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Russian Ecologists Warn Of Long Term Threat From Chinese Slick

A Russian fishes on the ice of the frozen Amur river near the Siberian city of Khabarovsk, 28 November 2005. The taps were back on in the Chinese city of Harbin, but the toxic slick flowing down the Songhua river was still raising environmental concerns for smaller cities, and all the way to Russia. The 100 tons of benzene and nitrobenzene that were dumped into the Songhua 13 November 2005 following a chemical plant explosion in neighboring Jilin province were still posing a danger for many others downstream. The slick is expected to reach the Russian border, which is about 600 kilometres from Harbin, in two weeks, Chinese state press reported 28 November 2005. AFP photo by Yuri Tutov.

Vladivostok (AFP) Nov 30, 2005
Russian environmentalists warned Wednesday that widespread damage could be caused by a toxic slick flowing down river from China, as a senior official said the slick's first traces might already have entered the country.

In a report, experts from the Far East division of environmental group WWF rejected claims by some officials that the chemical slick released by an explosion at a Chinese factory on November 13 would pose less of a threat as it became diluted.

Highly toxic metals such as mercury and cadmium would sink to the bottom of the Amur River posing a real threat to fish, and from fish could find their way into humans, the report's author, Lyubov Kondrateva, an expert at the Russian Academy of Sciences, said.

The true scale of the threat might only become clear when the ice on the Amur breaks in the spring, Kondrateva said.

"The toxic waste may accumulate in various organisms and thus enter the human body, causing a real health threat. Once the ice breaks, all this toxic poison could get into the Amur delta and then the sea ... there is a real ecological risk" of the waste getting into the Okhotsk Sea, off Russia's east coast, and the Sea of Japan, she said.

"If that happens, the problem of waste in the border rivers would not concern only Russia and China," Kondrateva added.

Russian authorities have stepped up moves to secure water supplies in the far east of the country, shipping in 20 tonnes of charcoal for use in water purification and increasing stocks of clean water in bottles and cisterns, particularly in the city of Khabarovsk, home to some 600,000 people.

In Moscow on Wednesday the deputy head of the Natural Resource Management Agency, Oleg Mitvol, said that tests to determine whether the slick had already entered Russia had been inconclusive.

At one point west of the city of Khabarovsk, excessive levels of benzene, one of the main components of the slick, had been found, Mitvol said.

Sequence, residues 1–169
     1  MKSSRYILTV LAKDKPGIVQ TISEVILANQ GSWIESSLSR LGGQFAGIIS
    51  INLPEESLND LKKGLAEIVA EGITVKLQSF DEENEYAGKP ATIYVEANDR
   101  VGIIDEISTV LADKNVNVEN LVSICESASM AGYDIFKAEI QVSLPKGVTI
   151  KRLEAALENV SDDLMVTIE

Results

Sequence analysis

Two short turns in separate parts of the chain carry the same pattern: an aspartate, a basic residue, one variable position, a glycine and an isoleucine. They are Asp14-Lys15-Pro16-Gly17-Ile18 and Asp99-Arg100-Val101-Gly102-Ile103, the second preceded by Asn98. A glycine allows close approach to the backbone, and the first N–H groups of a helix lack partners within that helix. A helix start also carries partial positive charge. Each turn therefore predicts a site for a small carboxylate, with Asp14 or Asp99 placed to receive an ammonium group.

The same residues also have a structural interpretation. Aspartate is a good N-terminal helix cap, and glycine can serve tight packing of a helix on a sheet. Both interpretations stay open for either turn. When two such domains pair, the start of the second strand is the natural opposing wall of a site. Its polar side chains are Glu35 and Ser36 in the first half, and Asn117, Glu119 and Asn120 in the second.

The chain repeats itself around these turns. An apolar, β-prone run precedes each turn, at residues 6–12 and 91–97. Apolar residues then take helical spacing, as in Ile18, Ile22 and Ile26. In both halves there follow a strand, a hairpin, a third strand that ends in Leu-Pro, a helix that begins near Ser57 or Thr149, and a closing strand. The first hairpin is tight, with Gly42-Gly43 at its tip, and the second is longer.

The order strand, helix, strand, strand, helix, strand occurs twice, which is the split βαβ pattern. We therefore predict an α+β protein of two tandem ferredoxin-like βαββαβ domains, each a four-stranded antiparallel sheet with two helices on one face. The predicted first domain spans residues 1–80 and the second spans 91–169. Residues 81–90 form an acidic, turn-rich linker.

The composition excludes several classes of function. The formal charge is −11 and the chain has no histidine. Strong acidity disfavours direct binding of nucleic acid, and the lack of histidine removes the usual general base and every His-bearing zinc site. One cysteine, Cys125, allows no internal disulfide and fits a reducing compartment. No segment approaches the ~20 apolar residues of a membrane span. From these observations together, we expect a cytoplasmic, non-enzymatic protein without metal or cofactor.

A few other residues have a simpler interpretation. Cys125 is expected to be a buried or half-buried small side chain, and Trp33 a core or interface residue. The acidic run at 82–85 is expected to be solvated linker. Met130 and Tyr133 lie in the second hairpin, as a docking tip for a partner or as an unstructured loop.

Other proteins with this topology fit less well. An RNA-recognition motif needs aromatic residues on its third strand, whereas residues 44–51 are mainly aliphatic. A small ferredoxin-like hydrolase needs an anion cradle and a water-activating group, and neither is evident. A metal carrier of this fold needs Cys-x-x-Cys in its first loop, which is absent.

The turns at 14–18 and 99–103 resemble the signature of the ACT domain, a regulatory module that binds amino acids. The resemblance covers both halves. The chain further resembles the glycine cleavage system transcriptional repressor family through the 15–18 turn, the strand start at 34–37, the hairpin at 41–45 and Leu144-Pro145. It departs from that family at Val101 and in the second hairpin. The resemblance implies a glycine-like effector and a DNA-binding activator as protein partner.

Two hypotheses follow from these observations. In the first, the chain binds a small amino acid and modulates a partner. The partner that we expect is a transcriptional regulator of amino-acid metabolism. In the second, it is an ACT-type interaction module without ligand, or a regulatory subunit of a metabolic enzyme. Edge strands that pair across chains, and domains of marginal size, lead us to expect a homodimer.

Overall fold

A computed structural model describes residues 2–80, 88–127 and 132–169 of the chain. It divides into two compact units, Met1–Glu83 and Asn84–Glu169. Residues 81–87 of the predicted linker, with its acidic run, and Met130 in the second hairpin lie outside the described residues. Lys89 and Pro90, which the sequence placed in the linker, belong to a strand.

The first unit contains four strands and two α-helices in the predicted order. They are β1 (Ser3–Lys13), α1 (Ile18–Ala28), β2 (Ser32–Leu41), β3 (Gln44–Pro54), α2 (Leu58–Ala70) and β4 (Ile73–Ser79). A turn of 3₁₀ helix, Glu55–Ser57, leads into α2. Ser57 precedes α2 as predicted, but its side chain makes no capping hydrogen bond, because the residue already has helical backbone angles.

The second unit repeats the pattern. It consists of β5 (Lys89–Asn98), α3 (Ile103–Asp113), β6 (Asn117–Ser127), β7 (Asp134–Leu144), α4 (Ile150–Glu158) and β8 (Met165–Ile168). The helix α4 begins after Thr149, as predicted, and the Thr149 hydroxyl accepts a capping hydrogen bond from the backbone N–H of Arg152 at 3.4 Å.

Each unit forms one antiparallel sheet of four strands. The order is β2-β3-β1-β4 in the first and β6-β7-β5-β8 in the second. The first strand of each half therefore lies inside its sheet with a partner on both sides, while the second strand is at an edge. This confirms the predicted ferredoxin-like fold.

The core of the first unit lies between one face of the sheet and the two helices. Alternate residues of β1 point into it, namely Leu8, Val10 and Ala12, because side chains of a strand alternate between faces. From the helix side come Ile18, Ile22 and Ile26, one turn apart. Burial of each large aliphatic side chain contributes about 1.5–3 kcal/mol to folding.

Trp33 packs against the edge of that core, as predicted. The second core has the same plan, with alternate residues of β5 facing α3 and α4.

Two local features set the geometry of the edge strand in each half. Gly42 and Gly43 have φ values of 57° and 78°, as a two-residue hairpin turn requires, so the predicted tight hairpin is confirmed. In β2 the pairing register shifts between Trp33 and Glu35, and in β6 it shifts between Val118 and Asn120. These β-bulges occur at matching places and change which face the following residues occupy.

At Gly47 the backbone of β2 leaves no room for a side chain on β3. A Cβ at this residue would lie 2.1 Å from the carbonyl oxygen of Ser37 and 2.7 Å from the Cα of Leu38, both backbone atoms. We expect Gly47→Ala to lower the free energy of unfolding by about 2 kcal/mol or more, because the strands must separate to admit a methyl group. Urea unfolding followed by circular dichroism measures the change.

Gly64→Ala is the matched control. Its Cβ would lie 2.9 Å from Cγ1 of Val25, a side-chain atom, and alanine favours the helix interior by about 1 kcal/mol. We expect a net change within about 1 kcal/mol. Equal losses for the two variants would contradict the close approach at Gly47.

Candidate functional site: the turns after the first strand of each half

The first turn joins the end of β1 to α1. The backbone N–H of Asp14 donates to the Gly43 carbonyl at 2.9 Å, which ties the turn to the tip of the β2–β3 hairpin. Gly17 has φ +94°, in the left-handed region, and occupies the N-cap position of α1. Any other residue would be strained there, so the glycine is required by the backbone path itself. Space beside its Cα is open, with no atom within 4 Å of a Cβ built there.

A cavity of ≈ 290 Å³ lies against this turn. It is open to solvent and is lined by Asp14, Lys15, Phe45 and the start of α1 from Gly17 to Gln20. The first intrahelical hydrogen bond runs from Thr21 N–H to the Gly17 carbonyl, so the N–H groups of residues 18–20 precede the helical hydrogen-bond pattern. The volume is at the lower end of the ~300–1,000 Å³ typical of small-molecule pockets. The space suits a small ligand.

"We carried out analyses and found levels of benzene over the permitted limit... I suppose that it is coming from China," Mitvol said.

However Russia's Emergency Situations Ministry, quoted by the RIA-Novosti news agency, denied that pollution from the explosion in China had reached Russian territory.

The toxic slick was due to reach Nizhneleninsk, in Russia's Autonomous Jewish Province, on December 6-8, followed by Khabarovsk on December 9-11, the ministry said.

The blast at a PetroChina plant released 100 tonnes of chemicals, made up mainly of the carcinogen benzene and nitrobenzene, into the Songhua River, a tributary of the Amur.

Harbin, the capital of China's Heilongjiang province, suffered a five-day water shutdown as a result.

Around 50 tonnes of chemicals are believed to have passed through Harbin, continuing to threaten Chinese areas downstream as well as parts of Russia.

Chinese officials in Heilongjiang said Wednesday they were sending experts and equipment to Russia to help curb the slick, following a visit by Russian officials.

"We will send experts to Russia to give training lessons but the equipment will go first, and the experts need to go through some procedures," said a spokesman of the Heilongjiang environmental bureau, who identified himself only by his family name Zhang.

"They are all experienced experts in our environmental protection bureau."

China apologized to its giant neighbour Russia over the weekend for the problems the slick was causing.

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Schools Reopen In Harbin As China Vows To Go All Out To Help Russia
Beijing (AFP) Nov 29, 2005
Schools reopened in northeast China's Harbin Tuesday after a toxic slick had passed by the city along the Songhua river, as the foreign ministry vowed to "go all out" to protect Russians living downstream.

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